dr_dorothy-jenkins-fields_web.jpgMIAMI — Overtown’s historic Lyric Theater is entering the final phase of its restoration and expansion.

The Lyric’s official grand opening date of Feb. 12, 2012 was announced at its Topping Off Ceremony on June 18 on the theater’s plaza, where a rendering of the completed building was unveiled.

Shows will return to the Lyric, and the theater will open immediately for programming and rentals, said Timothy A. Barber, executive director of The Black Archives History and Research Foundation of South Florida, Inc.

“We are at the halfway point of the new structure,” said Dorothy Jenkins Fields, founder of The Black Archives.

“After 11 years, the walls are up and the roof is on. This is a dream come true for many generations,” Fields said.

The theater’s soft opening, a private affair for Lyric donors, is scheduled for September 2011, Barber said.

The theater, which originally opened in 1913, once played host to the greats of the jazz world, including Louis Armstrong, Ella Fitzgerald, Count Basie and Aretha Franklin, who came to perform in Miami's “Little Broadway”  in “Colored Town's” heyday during segregation.

The 400-seat theater at 819 NW 2nd Ave. was built, owned, and operated by Geder Walker, a black man from Georgia. In 1915, the Miami Metropolis newspaper described the Lyric Theater as “possibly the most beautiful and costly playhouse owned by Colored people in all the Southland,” according to the Black Archives website.

The theater closed in 1960. It was acquired by the Black Archives in 1988, under the direction of Jenkins Fields, who is a historian and archivist. Her family owned a lot across the street, dating back to the early 20th century.

The theater was ­designated an historic site a year later, making any improvements or additions subject to the approval of the Miami Historic and Environmental
Preservation Board, and more recently the Miami Community Redevelopment Agency board, which consists of the five Miami city commissioners. The theater reopened to the public in 2000, and organizers have been pushing to expand and update the facility for several years.

The theater was awarded $10 million for phase three of the construction, which includes an expansion of its original stage. The money comes from a $2.7 billion public grant given by Miami-Dade County’s General Obligation Bond (GOB), according to Barber.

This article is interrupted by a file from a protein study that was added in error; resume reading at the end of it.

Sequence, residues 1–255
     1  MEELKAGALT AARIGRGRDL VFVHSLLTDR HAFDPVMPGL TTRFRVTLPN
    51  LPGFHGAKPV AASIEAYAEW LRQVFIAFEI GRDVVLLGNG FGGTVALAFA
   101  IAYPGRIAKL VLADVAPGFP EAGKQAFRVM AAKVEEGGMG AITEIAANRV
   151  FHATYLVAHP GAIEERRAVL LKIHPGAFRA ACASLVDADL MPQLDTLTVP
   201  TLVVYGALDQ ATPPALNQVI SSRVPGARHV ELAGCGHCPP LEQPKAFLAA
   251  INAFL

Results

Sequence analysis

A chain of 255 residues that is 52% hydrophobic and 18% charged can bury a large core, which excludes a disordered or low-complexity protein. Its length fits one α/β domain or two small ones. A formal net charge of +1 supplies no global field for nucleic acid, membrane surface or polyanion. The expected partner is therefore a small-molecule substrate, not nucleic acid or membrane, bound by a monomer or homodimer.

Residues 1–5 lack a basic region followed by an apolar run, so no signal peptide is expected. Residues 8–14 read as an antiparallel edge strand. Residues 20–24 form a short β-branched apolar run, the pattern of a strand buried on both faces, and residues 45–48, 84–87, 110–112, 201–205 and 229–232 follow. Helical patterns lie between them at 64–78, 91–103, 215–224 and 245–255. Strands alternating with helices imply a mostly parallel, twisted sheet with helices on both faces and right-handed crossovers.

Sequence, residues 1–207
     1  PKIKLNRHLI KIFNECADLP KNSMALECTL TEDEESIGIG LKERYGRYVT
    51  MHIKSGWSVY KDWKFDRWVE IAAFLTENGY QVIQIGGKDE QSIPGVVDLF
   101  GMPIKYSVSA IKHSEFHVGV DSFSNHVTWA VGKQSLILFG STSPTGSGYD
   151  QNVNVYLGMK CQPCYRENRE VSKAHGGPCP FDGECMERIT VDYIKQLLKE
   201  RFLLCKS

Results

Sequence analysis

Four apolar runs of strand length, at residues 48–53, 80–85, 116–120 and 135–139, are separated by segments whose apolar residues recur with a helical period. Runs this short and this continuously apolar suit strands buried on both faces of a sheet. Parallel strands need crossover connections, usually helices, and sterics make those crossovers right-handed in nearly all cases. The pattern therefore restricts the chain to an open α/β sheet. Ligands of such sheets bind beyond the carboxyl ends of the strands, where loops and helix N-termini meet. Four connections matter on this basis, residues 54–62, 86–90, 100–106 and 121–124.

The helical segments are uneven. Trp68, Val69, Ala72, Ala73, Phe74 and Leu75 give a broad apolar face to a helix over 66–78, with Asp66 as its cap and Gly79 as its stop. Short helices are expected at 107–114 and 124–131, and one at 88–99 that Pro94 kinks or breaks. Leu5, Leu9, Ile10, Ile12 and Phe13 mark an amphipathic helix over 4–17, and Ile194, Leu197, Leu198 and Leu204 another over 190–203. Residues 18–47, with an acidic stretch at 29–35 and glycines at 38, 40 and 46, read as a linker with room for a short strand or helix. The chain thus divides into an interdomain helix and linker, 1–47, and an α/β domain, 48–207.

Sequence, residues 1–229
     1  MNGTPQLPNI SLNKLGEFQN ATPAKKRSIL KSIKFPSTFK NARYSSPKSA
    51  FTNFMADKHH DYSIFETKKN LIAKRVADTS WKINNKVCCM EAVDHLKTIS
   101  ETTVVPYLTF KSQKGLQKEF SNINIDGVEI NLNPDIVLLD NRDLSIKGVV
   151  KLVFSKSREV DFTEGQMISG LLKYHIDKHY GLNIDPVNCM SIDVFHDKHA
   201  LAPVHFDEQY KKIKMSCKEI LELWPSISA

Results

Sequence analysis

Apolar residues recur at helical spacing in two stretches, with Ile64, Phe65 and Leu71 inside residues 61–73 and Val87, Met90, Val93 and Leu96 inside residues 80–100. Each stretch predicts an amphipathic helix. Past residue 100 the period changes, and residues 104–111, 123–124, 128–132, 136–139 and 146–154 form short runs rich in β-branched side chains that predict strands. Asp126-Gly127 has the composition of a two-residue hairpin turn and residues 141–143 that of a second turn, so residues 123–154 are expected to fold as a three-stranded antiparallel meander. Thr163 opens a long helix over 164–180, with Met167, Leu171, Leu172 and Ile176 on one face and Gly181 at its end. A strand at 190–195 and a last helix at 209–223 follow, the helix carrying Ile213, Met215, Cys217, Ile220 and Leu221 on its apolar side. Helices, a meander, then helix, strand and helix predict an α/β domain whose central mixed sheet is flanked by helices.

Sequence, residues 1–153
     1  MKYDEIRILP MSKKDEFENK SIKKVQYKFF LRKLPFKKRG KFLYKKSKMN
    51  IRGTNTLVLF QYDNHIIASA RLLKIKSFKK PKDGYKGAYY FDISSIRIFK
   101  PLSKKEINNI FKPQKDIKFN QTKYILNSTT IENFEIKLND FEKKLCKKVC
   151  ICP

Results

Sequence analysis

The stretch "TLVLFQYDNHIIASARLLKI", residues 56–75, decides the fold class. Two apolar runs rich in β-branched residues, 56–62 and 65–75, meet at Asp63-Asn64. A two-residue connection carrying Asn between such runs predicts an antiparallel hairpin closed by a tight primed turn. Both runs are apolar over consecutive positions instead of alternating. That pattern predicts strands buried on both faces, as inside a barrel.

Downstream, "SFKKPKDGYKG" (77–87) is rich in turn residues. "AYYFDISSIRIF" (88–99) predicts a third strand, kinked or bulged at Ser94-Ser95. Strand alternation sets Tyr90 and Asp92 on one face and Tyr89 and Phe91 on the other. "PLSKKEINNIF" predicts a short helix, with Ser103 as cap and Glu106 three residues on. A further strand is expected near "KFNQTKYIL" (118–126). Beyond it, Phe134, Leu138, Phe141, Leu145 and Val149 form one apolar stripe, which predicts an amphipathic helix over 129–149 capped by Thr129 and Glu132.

Several venues from across the county, he said, were selected to receive funding for brick and mortar.

But The Archives has not yet received the $10 million, Barber said, because “the county will reimburse us.”

In February, Miami-Dade County executed a $5 million contract, which, according to Barber, has been signed.

At that time, he said, “we began construction. We don’t receive the $5 million; the contract just says that the monies are allocated in the county budget. Each time we show our receipts, they refund us, and we can continue to build.”

Barber described the theater’s original stage as “just a small black box with no wing space,” adding that, “once you were on the stage, everybody saw you.
There were no curtains and no dedicated lighting.”

This expansion will build out the stage, Barber said, and increase its height to allow for the installation of draperies, rigging and scenic lighting.

“We needed an additional 50 feet of land to do that,” he said.

When the initial plans for construction began, securing the 50 foot block of land was no easy task.

In order to make the wing space larger, Barber said, “we needed to push back 50 feet. The property line was flush to the back of the theater.”

But the block of land needed was owned by the CRA, which, for a while, Barber said, “would not give us the 50 feet even though we received the GOB funding.”

By 2009, Barber said, “nothing was really given to us.”

The CRA, he said, swapped the land.

“In order to get the 50 feet to build, we had to give them [CRA] our rights to the plaza” next to the theater, he said.

Clarence Wood, City of Miami CRA assistant director, said that when the theater opens, “they have our support, as part of our mission is the preservation of historical properties.”

The first phase of the theater’s expansion was the restoration of the original theater; the second included building the Welcome Center Complex in the lobby area.

The original structure did not have dressing rooms, and the bathrooms were not wheelchair accessible or up to code, Barber said. The structure needed to be brought up to standard.

“We are trying to create a cultural destination, a place for tourist to come and enjoy the things people have donated to the Archives,” he said.

Miami City Commissioner Richard P. Dunn said the Lyric “would have been a lost memory had we, as a community, not been supportive.”


Photo by Khary Bruyning. Dorothy Jenkins Fields